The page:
Thursday, March 29, 2012

Social Norm Entrepreneurship: Collective Action for Common Good?

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Session Description

Location: Lecture Theatre 5
Achieving significant social impact requires more than an innovative solution and well-conceived strategy. Indeed, effecting social change always requires changing behaviour. Sometimes this involves ending entrenched but harmful social norms. At other times, and often in tandem, it requires fostering new norms that the whole community will embrace. This interactive session conducted by a leading theorist in “social norm entrepreneurship” will feature practical, transferable tips from practitioners who have had success in ending negative social norms and promoting positive ones.

When | Where

11:00 - 12:30 Thursday, March 29

Session leaders

  • Professor, University Of Pennsylvania
    Cristina Bicchieri is the S. J. P. Harvie Professor of Social Thought and Comparative Ethics, Professor of Philosophy and Director of the Philosophy, Politics and Economics programme at the University of Pennsylvania. She is a leader in the fields of rational choice and social norms. She has published six books and hundreds of articles. Her work on social norms shows how changing collective expectations radically changes behaviour. UNICEF is adopting her work on social norms in its campaigns to eliminate practices that violate human rights.
  • Molly Melching Speaker
    Founder and CEO, Tostan
    Molly Melching has lived and worked in Senegal, West Africa since 1974 and has dedicated her life to the empowerment of communities at the grassroots level. Molly’s early experiences living in a rural village enforced her beliefs that many development efforts were not addressing the true needs and realities of African communities. In collaboration with the villagers, Molly began to develop a new type of learning program that actively involved both adults and adolescents by using African languages and traditional methods of learning. Their efforts grew throughout the 1980s, leading Molly to found Tostan in 1991. Tostan’s program is an innovative grassroots education model—the Community Empowerment Program (CEP)—which engages communities for three years in cross-cutting themes of democracy, human rights, problem-solving, hygiene, health, literacy, project management skills and parental education. Tostan also has developed post-CEP programs on Early Childhood Development and Peace & Security. Molly’s work with Tostan has brought her international recognition for contributions to results which include: reductions in infant and maternal mortality, widespread school and birth registration, the emergence of female leadership and the abandonment of female genital cutting and child/forced marriage in over 7,500 communities in eight African countries. Tostan and Molly have received many prizes including: the Thomas J. Dodd Prize in International Justice and Human Rights (2015), the Jury Special Prix in Individual Philanthropy from the BNP Paribas Foundation (2015), the Cecila Attias ‘Award in Action’ for improving health systems and maternal care (2012), the Skoll Award for Social Entrepreneurship (2010), the Conrad N. Hilton Humanitarian Prize (2007), the UNESCO King Sejong Literacy Price (2007), and Sweden’s Anna Lindh Human Rights Award (2005). Molly is also the subject of the best-seller book "However Long the Night" by Aimee Molloy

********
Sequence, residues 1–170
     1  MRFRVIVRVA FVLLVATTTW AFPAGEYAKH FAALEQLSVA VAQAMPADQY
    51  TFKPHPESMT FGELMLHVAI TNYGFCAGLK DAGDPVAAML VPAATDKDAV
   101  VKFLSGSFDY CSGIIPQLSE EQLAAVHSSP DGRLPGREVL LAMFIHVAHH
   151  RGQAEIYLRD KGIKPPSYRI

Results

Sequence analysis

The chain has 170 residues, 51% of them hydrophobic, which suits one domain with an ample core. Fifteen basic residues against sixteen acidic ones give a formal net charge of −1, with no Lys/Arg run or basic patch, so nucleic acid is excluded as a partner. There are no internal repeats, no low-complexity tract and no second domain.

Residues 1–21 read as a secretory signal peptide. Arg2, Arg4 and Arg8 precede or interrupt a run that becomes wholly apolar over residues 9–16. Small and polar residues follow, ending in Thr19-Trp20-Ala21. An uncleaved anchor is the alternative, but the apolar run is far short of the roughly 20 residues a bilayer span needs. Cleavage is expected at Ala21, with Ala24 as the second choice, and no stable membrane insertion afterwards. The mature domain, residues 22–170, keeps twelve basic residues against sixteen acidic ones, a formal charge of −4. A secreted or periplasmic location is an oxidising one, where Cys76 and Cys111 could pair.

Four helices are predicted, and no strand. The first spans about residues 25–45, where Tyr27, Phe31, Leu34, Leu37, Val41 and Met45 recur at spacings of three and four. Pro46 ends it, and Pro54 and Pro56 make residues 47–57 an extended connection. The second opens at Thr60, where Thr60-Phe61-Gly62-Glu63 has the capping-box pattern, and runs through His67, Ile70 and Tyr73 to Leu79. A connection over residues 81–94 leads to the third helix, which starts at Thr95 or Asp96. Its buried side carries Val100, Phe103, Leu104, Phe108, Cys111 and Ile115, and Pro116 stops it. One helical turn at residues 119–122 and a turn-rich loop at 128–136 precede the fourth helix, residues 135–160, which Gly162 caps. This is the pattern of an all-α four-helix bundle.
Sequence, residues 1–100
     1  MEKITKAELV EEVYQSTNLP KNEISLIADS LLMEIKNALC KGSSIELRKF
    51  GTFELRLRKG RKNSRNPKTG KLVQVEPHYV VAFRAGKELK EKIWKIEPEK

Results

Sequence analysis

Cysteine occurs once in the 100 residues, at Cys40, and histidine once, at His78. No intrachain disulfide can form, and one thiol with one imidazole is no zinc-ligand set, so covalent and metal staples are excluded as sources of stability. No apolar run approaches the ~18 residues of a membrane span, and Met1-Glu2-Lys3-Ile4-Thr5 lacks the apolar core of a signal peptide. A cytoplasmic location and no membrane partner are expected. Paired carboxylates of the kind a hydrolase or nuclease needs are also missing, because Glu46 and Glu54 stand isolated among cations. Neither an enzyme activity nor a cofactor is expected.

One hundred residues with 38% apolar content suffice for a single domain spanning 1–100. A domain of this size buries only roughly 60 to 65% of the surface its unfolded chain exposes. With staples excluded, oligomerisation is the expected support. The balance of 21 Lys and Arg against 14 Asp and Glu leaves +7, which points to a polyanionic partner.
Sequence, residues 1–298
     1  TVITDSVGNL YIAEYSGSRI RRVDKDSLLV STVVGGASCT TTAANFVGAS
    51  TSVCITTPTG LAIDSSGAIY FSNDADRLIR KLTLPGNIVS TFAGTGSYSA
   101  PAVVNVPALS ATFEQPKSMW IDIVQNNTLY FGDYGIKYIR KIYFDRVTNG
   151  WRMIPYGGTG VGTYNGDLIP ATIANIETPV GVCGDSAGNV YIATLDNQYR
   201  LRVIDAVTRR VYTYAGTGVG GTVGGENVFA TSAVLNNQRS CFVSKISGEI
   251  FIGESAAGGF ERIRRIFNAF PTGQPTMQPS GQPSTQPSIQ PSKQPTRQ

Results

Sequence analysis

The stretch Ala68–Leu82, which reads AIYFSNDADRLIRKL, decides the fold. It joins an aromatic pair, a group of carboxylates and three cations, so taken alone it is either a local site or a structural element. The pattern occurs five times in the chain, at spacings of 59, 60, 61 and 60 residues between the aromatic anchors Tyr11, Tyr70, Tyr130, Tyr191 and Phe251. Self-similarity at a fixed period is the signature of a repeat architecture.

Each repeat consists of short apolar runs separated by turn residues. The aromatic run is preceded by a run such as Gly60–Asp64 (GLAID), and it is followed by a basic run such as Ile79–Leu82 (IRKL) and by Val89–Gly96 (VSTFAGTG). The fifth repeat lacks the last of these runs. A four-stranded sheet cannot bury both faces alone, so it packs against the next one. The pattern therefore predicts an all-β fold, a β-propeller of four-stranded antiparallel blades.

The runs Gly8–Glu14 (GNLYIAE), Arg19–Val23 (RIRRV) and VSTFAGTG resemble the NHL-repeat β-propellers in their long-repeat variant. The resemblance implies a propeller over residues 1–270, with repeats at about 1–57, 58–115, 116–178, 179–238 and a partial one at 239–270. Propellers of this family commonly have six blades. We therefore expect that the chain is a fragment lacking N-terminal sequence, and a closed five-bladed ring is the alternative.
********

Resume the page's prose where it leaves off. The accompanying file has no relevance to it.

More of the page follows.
• Senior Adviser, Washington DC, UNICEF
    Thérèse Dooley has 20 years of international work experience in the areas of water, sanitation and hygiene. With a background in environmental health, she has worked in Ethiopia, Afghanistan, Mozambique, Zimbabwe, and Lesotho and for Ireland Aid in Zambia and South Africa. She believes that behaviour change and the establishment of new positive social norms will have a huge impact on children and for future generations.